updated 06:23 am EDT, Tue September 10, 2013
Weather-sealed camera automatically adjusts sharpness for each lens
Olympus has launched a new flagship Micro Four Thirds camera, one that leaked early last month. The OMD E-M1, claimed by the camera maker to be the successor to the Olympus E-5, uses a 16.3-megapixel Live MOS sensor combined with a new TruePic VII image processor for noise reduction at high ISOs, and a new Fine Detail Processing II engine for configuring the appropriate sharpness for individual lenses and reducing video compression artifacts.
Capable of offering 10 frames per second shooting with a 41-picture RAW buffer in single autofocus mode and 6.5fps with a 50-image RAW buffer in continuous autofocus mode, the OMD E-M1 switches between a 37-point on-chip phase detection autofocus or 81-point contrast detection autofocus depending on the type of lens used. A five-axis image stabilization system with Multi-Motion IS, a 1/8000th of a second mechanical shutter, and sensitivity up to 25,600 ISO are also mentioned.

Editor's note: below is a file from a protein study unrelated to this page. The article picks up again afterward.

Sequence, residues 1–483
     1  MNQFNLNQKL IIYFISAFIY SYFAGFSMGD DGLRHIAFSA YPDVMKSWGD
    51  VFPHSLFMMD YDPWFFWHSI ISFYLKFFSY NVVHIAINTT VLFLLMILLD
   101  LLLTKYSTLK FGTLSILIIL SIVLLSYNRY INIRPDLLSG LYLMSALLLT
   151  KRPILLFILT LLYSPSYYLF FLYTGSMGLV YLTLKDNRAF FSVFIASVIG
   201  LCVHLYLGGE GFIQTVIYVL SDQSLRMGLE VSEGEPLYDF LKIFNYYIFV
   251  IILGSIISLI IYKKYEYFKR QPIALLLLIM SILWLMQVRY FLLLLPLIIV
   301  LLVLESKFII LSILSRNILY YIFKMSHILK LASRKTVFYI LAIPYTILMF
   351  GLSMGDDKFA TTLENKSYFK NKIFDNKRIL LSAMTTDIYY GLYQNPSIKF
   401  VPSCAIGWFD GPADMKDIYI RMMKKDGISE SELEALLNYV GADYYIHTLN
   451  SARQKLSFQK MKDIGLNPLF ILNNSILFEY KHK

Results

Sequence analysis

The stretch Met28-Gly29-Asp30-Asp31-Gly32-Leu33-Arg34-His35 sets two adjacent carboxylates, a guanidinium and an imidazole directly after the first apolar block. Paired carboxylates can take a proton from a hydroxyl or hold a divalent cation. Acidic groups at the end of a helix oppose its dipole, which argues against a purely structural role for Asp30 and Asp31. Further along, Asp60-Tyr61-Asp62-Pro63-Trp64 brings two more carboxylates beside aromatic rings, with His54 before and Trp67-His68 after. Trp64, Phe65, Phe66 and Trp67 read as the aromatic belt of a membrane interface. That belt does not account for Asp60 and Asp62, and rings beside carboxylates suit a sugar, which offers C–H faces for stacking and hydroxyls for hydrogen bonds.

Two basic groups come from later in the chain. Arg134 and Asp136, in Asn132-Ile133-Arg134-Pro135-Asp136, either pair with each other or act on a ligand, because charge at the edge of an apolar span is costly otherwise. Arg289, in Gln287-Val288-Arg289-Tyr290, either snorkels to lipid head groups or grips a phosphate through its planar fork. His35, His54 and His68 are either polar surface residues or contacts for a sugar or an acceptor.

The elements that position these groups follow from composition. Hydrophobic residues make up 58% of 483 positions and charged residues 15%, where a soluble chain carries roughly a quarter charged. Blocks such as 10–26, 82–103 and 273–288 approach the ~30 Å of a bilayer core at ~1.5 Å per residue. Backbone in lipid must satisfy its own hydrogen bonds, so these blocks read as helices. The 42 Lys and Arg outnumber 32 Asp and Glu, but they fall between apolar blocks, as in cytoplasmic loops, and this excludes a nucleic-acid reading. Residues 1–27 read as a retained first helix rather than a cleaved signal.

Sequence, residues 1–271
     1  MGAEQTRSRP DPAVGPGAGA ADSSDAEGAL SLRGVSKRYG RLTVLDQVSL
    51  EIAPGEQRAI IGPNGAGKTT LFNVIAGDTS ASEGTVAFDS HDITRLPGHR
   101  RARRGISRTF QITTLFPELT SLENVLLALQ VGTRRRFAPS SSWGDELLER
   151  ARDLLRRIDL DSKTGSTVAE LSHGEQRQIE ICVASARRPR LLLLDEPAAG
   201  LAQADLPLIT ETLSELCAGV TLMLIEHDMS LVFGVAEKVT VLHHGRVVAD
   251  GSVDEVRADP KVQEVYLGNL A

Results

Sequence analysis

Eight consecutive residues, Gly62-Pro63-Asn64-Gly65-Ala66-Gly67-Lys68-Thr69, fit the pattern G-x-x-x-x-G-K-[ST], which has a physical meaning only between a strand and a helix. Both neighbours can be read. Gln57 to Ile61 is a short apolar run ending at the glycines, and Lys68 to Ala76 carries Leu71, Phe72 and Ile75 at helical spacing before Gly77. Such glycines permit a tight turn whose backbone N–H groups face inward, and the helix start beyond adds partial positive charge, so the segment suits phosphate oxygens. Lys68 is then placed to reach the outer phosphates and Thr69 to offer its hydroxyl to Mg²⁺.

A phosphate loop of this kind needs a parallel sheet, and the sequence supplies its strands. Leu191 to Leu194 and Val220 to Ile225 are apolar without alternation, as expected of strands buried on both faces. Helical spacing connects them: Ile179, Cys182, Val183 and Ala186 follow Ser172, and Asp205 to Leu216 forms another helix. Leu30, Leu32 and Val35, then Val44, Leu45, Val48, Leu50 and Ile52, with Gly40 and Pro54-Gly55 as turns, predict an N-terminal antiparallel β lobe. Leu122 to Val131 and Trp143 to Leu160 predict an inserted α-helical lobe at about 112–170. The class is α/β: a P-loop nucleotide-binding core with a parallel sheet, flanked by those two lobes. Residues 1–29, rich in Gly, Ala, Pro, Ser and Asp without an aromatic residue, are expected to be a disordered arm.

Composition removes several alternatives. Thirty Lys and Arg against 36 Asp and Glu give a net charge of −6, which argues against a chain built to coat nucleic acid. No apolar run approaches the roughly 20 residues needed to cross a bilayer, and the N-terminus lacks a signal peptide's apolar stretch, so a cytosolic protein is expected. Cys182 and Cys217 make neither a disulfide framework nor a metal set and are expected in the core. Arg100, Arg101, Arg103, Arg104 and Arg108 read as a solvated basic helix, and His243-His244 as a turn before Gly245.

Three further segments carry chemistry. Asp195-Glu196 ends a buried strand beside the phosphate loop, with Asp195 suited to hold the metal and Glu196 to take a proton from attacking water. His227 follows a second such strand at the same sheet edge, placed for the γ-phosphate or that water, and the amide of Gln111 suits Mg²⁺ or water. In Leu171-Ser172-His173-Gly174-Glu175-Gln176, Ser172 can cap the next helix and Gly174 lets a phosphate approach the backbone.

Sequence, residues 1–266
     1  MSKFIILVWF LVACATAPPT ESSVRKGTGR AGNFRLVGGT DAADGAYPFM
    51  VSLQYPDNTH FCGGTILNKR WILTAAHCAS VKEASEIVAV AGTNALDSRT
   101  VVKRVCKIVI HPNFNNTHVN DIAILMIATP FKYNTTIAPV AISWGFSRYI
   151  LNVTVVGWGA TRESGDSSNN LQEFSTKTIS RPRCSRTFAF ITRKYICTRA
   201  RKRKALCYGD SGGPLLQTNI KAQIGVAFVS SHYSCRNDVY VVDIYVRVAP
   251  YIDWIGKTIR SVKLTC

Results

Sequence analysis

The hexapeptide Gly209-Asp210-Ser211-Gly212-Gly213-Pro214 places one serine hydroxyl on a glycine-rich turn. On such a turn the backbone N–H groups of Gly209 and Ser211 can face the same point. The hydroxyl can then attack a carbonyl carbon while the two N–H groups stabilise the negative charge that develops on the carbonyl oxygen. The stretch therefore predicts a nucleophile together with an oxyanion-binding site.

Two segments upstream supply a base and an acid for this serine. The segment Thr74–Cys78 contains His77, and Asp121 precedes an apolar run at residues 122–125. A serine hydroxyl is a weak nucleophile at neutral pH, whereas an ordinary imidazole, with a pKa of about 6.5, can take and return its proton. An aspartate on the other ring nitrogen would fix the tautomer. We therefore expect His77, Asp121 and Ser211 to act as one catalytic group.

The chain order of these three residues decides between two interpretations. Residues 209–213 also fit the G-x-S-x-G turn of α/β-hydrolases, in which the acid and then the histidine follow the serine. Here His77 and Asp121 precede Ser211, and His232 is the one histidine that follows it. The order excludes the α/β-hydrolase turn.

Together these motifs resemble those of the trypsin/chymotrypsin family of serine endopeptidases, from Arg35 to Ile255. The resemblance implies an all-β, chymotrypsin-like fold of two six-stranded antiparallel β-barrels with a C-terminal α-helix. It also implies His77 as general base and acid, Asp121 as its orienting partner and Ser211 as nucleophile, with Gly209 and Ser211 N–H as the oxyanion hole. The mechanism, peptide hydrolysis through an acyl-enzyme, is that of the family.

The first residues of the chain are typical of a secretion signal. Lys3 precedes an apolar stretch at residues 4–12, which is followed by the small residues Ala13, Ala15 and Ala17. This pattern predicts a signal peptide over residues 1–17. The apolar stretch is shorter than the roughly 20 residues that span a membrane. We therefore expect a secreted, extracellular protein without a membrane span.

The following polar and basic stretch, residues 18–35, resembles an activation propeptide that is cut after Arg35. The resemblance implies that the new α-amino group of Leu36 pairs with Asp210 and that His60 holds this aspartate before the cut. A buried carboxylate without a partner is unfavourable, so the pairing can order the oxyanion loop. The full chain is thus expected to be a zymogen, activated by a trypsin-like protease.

The rear-facing, 3-inch tiltable LCD touchscreen on the rear is accompanied by a built-in 2.36 million-dot EVF and a 2x2 Dial Control system for adjusting four most-used camera functions. Integrated Wi-Fi allows for remote control via a smartphone, with an LCD-based QR code helping with the initial connection, as well as GPS data embedding. Olympus claims that the OMD E-M1 is weather-sealed, making it dust-proof, splash-proof, and freeze-proof down to a temperature of 14 degrees Fahrenheit.
Shipping in October, the Olympus OMD E-M1 will cost $1,400 for the body alone, or $2,200 with an M.ZUIKO Digital ED 12-40mm f2.8 PRO lens.